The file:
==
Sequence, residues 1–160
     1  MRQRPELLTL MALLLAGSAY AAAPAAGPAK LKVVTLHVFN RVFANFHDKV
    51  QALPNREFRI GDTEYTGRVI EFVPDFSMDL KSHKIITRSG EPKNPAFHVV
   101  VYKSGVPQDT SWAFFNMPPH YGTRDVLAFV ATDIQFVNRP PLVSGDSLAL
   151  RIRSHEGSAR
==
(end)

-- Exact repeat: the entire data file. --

Sequence, residues 1–160
     1  MRQRPELLTL MALLLAGSAY AAAPAAGPAK LKVVTLHVFN RVFANFHDKV
    51  QALPNREFRI GDTEYTGRVI EFVPDFSMDL KSHKIITRSG EPKNPAFHVV
   101  VYKSGVPQDT SWAFFNMPPH YGTRDVLAFV ATDIQFVNRP PLVSGDSLAL
   151  RIRSHEGSAR